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Congress is responding to threat of bioterrorism

Published Sep. 10, 2005

Since the horrific events of Sept. 11, the United States has been engaged in a war on terrorists who threaten our way of life. Unfortunately, the weapons of terrorism are not limited to hijacked airplanes and bombs, but also include biological agents.

I share the concerns of many Americans who are worried about possible bioterrorism attacks such as anthrax exposure and outbreaks of smallpox. Anthrax exposure through the postal system has heightened these concerns. To ensure the safety of the mail, the U.S. Postal Service has 1,900 inspectors who are working night and day to bring the perpetrators of this attack to justice. These inspectors also are gathering significant information that can help us trace the origins of this attack.

The U.S. Postal Service is adopting and immediately deploying new technology that will fight anthrax that could move through the mail. In addition, the Postal Service has mailed postcards to every address in the nation explaining how to identify and isolate suspicious mail. Congress will continue working closely with officials from the U.S. Postal Service to ensure that necessary precautions are taken to protect the American people and our postal system.

An outbreak of smallpox is another potential threat. The United States maintains national smallpox vaccine stocks sufficient to immunize 6- to 7-million people. Efforts are being undertaken to expand this reserve so that more Americans can be protected from the threat of smallpox.

The House of Representatives is working to deter and prevent bioterrorism. As chairman of the Health Subcommittee, I am carefully reviewing bioterrorism threats and the United States' response to biological weapons. Fortunately, cases of anthrax exposure can be treated and infection can be prevented through antibiotics. Great quantities of antibiotics for anthrax and smallpox vaccines are being stockpiled by the Centers for Disease Control and Prevention in the event of additional biological attacks.

I am confident that the United States will be able to respond to current threats and prevent future bioterrorist attacks. I want to assure the public that your representatives in Washington have already taken steps to strengthen many of our nation's antiterrorism laws.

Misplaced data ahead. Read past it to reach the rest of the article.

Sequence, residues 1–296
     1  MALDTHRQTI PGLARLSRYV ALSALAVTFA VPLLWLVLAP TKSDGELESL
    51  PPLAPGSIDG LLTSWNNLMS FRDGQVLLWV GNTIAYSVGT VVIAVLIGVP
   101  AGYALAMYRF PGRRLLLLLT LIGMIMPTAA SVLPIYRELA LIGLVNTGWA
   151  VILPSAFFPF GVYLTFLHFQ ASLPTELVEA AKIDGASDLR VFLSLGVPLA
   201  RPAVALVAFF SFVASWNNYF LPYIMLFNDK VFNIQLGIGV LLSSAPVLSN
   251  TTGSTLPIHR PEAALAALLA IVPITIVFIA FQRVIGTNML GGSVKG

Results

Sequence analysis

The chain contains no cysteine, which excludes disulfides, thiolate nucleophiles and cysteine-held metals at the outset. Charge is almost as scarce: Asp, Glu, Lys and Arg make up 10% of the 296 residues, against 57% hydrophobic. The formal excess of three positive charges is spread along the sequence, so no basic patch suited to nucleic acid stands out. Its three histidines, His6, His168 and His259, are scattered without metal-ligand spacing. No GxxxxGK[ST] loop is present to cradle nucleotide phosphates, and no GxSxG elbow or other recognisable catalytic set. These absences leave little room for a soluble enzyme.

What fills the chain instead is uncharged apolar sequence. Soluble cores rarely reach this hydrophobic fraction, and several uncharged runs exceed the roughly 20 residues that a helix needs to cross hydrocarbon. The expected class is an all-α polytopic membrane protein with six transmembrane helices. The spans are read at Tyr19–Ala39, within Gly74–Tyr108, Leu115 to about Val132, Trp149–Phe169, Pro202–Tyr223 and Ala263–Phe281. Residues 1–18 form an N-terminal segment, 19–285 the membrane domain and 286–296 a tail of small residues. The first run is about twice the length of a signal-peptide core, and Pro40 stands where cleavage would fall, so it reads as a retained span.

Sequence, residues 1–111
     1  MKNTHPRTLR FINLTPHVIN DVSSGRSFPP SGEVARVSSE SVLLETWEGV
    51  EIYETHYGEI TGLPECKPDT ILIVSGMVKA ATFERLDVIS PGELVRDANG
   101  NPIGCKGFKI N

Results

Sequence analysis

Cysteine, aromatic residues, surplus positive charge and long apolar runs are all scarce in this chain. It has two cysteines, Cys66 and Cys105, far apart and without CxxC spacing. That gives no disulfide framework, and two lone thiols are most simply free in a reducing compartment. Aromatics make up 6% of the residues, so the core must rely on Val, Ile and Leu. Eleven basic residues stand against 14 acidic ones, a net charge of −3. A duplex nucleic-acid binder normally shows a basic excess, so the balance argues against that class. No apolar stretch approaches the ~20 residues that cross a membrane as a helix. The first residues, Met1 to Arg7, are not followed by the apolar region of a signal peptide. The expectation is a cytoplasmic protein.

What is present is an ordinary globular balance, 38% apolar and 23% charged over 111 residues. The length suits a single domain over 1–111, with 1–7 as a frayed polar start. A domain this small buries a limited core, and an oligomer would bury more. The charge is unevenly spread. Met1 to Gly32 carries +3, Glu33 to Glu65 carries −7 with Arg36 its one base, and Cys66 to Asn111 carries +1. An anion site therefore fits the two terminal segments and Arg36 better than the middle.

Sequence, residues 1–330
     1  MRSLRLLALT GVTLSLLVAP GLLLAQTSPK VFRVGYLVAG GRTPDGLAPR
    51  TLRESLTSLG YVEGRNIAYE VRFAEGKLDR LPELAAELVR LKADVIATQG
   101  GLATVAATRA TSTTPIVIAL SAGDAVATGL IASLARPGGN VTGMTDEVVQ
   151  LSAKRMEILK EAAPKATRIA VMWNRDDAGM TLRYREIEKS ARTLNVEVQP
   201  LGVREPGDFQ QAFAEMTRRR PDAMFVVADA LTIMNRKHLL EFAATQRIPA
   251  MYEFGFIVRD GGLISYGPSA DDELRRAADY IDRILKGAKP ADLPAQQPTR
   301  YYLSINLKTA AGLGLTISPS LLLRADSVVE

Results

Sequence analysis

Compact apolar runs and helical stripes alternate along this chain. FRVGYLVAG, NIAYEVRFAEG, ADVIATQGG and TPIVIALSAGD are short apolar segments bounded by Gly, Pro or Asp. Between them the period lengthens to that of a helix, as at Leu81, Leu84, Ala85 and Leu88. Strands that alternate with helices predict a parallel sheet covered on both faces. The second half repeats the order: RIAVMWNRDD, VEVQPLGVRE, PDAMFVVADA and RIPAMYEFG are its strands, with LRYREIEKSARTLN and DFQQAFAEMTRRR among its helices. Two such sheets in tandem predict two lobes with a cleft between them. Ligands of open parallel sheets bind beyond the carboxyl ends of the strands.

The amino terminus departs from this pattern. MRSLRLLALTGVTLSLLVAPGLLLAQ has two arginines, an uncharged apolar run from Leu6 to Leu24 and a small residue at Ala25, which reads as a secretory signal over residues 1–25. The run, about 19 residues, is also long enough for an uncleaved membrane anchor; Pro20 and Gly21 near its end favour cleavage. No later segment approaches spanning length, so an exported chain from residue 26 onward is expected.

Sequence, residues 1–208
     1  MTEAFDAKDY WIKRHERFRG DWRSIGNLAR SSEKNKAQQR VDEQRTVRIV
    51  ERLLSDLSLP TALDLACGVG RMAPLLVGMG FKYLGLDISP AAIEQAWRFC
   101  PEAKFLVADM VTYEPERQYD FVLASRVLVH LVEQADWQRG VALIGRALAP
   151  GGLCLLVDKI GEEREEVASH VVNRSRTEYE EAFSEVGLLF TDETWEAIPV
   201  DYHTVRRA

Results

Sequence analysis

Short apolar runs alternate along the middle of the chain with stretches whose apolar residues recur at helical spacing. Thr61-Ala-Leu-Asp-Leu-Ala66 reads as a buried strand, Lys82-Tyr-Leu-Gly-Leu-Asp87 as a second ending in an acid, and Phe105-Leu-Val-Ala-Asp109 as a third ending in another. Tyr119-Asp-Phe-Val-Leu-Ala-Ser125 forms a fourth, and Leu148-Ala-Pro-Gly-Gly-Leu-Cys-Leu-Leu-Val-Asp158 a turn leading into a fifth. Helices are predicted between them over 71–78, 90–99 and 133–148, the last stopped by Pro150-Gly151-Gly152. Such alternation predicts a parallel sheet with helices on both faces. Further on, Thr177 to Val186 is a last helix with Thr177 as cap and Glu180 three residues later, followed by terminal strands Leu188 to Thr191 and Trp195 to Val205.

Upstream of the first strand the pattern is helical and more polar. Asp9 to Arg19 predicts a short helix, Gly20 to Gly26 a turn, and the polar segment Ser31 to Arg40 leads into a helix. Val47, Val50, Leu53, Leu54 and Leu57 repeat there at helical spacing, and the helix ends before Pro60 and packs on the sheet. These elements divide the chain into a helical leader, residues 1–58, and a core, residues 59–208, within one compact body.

It may surprise many people to learn that there are no federal laws or regulations governing who may possess deadly biological agents and under what conditions they may possess them and for what purposes. Anyone, including convicted felons or foreign nationals from terrorist-sponsoring states, can lawfully possess anthrax or other dangerous bacteria or viruses.

This must be changed. The House of Representatives approved legislation, crafted by my Energy and Commerce Committee, to close some of these loopholes to provide better information on lawful researchers who are using select chemical and biological agents. The Bioterrorism Prevention Act of 2001 also makes it easier for the U.S. government to prosecute would-be terrorists who possess dangerous agents that could be used as a weapon. Current law requires that the government demonstrate a specific intent to use the agent as a weapon. The legislation unanimously approved by the House makes the unregistered possession of dangerous chemical and biological agents a federal felony, and increases the current penalty for making an unauthorized transfer of such agents from a federal misdemeanor to a felony.

This bill also makes it a federal crime to knowingly possess, use or exercise control over one of these deadly agents in a manner that constitutes a reckless disregard of the public health and safety, with increased penalties should actual harm occur from such contact.

The Bioterrorism Prevention Act of 2001 is just the first step in Congress' response to bioterrorism. I anticipate that additional legislation will be considered in the remainder of the 107th Congress. As chairman of the Health Subcommittee, I will be working with my congressional colleagues and the Bush administration to ensure the American people are protected.

This is a time for all of us to pull together as Americans. As we hear about the heroic acts of citizens, we realize that each one of us can make a difference. I personally thank and honor those who are on the front lines fighting this war. The United States is a great country, and we are all blessed to enjoy our freedoms.

_ U.S. Rep. Mike Bilirakis is a Republican from Tarpon Springs.